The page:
Luis Suarez’s comical defence has been made funnier by the chicken mourning followers of his club suddenly becoming knowledgable authority’s on the quirks and nuances of Uruguayan dialect. Suarez’s claim of terms of endearment whilst saying to Evra after kicking him on the knee “Porque tu eres negro” (“Because you are black”), “Dale, negro…negro…negro” (“Bring it on, blackie”) and “No hablo con los negros” (“I don’t speak to blacks”) whilst pinching his arm was obviously a touching display of misunderstood bonhomie, to use Evra’s mother tongue for once. Since the guilty verdict was announced, Liverpool went on a robust defensive. Alluding without explicitly saying they’d appeal, wearing t-shirts at Wigan in support of a proven racist and once they’d seen the damning evidence against Suarez released, reluctantly and aggresively accepting the suspension without appeal but hinting at some sinster agendum and misunderstanding which, presumably down to the official secrets act, they’re not allowed to disclose.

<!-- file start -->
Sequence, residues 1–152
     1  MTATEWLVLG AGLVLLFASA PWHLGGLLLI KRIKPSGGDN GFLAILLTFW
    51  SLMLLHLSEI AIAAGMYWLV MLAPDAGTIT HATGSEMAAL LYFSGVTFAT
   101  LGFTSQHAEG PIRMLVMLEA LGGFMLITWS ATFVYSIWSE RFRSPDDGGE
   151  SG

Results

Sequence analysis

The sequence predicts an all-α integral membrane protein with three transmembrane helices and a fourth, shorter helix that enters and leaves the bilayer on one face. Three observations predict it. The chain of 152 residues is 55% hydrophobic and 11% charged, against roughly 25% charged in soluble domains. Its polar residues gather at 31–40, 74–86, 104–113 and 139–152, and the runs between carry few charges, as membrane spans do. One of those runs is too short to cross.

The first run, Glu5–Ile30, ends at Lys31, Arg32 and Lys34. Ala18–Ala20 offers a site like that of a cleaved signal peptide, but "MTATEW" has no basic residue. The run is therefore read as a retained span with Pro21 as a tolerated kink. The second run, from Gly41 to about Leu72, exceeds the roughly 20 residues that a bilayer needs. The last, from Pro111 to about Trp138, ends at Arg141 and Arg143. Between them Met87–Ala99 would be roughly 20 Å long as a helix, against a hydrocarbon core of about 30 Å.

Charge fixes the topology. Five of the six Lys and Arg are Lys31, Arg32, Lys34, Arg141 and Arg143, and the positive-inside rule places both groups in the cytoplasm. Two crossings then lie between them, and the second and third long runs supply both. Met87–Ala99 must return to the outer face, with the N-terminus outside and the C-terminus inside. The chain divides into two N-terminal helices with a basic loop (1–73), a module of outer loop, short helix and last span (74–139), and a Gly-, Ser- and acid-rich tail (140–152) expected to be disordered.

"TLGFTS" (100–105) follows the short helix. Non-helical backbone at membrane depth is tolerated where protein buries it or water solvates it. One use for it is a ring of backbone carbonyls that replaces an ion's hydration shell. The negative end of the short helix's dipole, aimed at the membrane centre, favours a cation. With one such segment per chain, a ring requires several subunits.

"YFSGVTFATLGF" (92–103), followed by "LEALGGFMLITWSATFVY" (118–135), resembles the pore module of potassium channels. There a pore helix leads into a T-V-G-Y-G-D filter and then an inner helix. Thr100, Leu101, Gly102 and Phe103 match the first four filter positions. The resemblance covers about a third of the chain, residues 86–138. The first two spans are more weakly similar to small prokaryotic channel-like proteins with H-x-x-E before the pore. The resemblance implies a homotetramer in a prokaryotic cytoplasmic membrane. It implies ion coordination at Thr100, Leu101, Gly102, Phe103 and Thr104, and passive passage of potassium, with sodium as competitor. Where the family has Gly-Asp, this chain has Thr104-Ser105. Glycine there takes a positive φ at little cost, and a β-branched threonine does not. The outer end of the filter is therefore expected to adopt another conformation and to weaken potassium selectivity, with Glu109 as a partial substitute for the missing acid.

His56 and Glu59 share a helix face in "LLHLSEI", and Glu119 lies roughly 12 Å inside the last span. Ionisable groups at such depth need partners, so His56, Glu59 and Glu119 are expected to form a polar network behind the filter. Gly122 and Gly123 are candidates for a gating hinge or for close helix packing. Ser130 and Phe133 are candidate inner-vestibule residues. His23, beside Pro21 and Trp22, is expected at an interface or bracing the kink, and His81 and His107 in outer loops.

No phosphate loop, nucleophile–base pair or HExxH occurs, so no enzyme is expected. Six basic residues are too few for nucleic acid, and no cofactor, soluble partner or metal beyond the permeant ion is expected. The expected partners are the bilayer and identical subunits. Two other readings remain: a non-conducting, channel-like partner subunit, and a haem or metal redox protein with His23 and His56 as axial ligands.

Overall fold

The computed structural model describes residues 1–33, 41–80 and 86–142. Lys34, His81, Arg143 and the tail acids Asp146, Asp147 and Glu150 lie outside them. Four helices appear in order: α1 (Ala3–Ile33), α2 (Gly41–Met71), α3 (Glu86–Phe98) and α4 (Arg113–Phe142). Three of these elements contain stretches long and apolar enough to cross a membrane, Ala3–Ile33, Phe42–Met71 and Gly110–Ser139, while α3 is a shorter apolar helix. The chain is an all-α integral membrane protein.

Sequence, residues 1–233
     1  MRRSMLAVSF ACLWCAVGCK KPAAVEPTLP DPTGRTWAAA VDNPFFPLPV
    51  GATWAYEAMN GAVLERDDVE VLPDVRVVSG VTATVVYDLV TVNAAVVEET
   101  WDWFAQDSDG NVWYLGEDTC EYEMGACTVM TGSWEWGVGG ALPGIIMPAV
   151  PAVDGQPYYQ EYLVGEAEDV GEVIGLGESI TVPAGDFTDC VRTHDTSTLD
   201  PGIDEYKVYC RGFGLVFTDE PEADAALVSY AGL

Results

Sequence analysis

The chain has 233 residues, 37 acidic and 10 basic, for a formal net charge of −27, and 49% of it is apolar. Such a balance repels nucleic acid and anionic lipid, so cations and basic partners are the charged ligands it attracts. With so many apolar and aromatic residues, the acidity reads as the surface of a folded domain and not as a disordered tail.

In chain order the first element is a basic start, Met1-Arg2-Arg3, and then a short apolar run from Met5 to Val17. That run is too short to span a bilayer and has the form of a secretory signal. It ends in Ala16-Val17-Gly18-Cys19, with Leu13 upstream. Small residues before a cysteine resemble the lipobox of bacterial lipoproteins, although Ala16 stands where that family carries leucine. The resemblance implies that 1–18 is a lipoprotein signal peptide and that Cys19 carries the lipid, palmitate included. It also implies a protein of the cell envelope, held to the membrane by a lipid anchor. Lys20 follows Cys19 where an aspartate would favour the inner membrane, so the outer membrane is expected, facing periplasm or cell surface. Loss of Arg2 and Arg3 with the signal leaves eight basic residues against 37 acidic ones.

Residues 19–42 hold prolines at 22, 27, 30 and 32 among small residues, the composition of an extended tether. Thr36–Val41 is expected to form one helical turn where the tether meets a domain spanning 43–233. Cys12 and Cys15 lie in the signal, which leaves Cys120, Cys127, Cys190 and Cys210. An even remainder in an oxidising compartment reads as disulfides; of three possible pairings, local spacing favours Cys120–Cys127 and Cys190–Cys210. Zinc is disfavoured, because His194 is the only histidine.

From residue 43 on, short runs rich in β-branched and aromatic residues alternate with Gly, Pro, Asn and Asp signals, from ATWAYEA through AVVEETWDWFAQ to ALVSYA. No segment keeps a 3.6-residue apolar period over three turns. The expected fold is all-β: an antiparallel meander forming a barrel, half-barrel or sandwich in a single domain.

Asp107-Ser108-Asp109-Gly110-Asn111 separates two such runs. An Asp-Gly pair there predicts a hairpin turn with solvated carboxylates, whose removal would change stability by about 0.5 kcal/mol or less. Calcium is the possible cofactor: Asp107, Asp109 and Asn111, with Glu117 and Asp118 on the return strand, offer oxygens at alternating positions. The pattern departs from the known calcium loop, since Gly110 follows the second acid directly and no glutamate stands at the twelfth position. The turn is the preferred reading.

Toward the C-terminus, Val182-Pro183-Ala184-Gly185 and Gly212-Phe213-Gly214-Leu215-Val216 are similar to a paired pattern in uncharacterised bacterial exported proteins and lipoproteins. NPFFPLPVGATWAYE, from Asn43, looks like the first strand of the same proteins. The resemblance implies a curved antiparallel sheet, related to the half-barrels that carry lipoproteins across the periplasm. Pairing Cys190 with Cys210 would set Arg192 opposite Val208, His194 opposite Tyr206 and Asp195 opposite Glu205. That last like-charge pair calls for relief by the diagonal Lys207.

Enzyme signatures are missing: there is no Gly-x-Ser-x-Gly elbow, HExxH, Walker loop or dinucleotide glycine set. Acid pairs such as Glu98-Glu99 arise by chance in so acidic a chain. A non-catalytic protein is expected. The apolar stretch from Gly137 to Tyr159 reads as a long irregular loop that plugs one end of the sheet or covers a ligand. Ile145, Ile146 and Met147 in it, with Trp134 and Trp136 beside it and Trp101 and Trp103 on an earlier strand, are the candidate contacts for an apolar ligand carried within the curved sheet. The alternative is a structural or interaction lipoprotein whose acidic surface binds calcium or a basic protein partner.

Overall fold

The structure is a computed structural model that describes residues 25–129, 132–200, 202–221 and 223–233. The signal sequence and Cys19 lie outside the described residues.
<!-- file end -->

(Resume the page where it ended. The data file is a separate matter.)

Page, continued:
What Liverpool have done is the classic default defence of the victim. It is not the first time they’ve done it. At the 1985 European cup final in Brussels, a faction of Liverpool followers were responsible for the deaths of 39 Juventus fans. Nowadays, if you hear any scousers reminisce about that night, you’d think that Liverpool were the injured party and not the club who’s fans had got all English clubs banned from Europe indefinetly, it ended up being five years. In the aftermath of the Heysel disaster, senior officials at Anfield tried blaming a gang of Chelsea fans (whom were never identified) who’d decided to go to Brussels for a Liverpool match against Juventus just so they could have a fight with the Italians.